Grow Your Own Medicine: Medicinal Herbs for Your Homestead
Grow Your Own Medicine: Medicinal Herbs for Your Homestead
Posted on
July 11, 2024
A P

We often think of the garden as a place to grow edible veggies and fruits, but have you considered the potential of your space to produce potent medicine?  For centuries, herbal medicine has used plants to treat ailments and maladies. In this article, we will discuss a few easy to grow medicinal plants you can add to your garden and use to ward off colds, soothe sunburns and calm anxiety.  Read on to discover plants you can add to your herbal first aid kit!

Lemon Verbena for anxiety and digestion

Any garden with lemon verbena is sure to receive ample compliments for its amazing scent!  Native to South America, this herb loves warm and sunny climates, and will happily inch its way into a proper shrub over the years.  If you live in a colder climate, fear not- you can still grow lemon verbena as an annual!  In addition to smelling great, this herb tastes incredible as a tea, which is how it is most often used.  You can prepare a tea by letting the leaves steep (fresh or dried) in a pot with hot water for 5-10 minutes.  The tea has a gently calming effect for your nervous system and can soothe digestive troubles. 

Echinacea for immune support

“Echinacea” is derived from the Greek word for hedgehog, which alludes to the cone shaped center of the flower.  Echinacea is a powerful medicine that stimulates the immune system to fight bacterial and viral infections.  A wonderful bonus is that the flowers are vibrant purple and support pollinators!  The plant roots are the most commonly used part, though the flowers can be used as well.  Plant echinacea in a sunny spot in the Spring and allow two growing seasons before harvesting the roots.  After harvesting, chop and dry the roots for long term storage.  When you feel a cold coming on, make an echinacea elderberry tea to help your body fight off the virus. 

Yarrow for wound care

Historically known as herba militaris for its ability to treat war wounds, this beautiful flower attracts pollinators to your garden by offering nectar and habitat.  The leaves of the plant can be mashed to create a poultice to stop bleeding.  Yarrow will come back year after year and reseeds itself quite well – you may find yourself needing to thin it out a bit to make space for other things, but it remains a staple plant in many gardens!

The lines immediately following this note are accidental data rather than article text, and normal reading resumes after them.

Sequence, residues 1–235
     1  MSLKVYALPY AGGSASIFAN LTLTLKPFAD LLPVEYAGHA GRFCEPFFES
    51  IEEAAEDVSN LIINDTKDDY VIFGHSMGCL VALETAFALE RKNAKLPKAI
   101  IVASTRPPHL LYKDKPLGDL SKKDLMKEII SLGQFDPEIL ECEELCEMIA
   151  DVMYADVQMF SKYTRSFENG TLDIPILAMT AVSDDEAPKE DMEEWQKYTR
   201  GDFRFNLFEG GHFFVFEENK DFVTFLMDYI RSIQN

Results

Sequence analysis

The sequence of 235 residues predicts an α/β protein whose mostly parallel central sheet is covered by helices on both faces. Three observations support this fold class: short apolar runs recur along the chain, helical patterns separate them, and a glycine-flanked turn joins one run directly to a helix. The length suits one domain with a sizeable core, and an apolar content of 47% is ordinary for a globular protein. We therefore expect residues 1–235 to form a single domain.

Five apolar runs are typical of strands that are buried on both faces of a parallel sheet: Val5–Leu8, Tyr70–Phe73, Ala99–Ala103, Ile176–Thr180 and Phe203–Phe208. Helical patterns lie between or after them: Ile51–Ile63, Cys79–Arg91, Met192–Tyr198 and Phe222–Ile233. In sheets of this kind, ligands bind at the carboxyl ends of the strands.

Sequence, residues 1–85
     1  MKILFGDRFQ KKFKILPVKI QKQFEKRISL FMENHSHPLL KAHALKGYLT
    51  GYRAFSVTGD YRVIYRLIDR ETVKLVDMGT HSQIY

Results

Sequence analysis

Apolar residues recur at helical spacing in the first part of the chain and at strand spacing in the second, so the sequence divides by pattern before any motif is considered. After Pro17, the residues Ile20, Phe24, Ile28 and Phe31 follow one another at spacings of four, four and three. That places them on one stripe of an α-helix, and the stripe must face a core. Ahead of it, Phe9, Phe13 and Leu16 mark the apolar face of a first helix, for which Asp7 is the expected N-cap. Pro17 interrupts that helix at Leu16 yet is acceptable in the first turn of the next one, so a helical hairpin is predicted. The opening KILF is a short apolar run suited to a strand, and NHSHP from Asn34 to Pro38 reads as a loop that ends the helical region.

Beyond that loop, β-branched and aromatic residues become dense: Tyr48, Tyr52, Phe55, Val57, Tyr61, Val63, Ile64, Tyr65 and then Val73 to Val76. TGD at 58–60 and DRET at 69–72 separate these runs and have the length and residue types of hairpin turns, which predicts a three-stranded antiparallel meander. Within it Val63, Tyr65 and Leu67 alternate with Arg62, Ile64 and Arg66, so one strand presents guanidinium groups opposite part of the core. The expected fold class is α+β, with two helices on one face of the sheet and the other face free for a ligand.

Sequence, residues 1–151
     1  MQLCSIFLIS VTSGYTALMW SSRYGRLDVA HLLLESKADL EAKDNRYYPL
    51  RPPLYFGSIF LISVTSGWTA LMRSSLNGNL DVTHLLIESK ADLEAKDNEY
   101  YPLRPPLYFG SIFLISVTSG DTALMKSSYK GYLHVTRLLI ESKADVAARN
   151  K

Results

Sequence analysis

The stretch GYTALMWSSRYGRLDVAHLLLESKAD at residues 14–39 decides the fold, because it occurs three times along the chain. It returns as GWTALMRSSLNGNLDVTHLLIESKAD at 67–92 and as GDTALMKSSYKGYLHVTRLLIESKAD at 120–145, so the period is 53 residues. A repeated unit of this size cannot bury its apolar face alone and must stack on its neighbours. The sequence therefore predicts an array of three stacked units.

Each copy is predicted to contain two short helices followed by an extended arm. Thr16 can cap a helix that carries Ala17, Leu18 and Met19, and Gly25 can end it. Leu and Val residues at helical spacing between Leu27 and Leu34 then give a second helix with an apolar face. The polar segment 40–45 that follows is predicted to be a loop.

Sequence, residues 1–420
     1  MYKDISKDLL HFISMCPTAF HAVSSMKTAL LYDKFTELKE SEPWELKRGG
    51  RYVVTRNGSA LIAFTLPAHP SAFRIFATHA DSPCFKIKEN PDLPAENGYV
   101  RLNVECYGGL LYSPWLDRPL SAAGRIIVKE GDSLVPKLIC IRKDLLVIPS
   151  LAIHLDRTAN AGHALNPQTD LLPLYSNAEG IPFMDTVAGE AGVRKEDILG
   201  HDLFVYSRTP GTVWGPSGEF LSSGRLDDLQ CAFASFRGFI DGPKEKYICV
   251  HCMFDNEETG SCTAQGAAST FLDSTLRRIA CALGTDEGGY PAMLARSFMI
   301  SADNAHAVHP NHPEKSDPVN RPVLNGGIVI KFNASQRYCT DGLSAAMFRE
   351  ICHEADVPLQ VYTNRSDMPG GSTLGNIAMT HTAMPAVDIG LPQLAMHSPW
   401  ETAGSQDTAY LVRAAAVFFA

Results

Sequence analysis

Calendula for skin care

Calendula is quite common as a garden flower, prized for its vibrant orange and yellow flowers that grow and re-seed prolifically.  However, the uses of calendula are even more vast than the blooms!  Externally, calendula is used to treat skin ailments like cuts, bruises, sunburns, chapped lips and diaper rash.  Internally the petals of the flower are used to treat stomach ulcers and general digestive discomfort.  Sprinkle the fresh petals in salads or dry the flowers to use in skin healing homemade salves and lip balms.  Sow calendula seeds in Spring for a Summer harvest.  Often blooms will last through cooler months in temperate areas.

Growing a garden rich in fruits and vegetables offers an array of vitamins that support a healthy body, and growing medicinal herbs is another step in the direction of overall vitality.  You will not be disappointed by these visually stunning and body supporting herbs. Utilize the advice here to start crafting your home grown first aid kit and experience the deeply healing power of plants!

Words and photographs by Jennifer MacLeod

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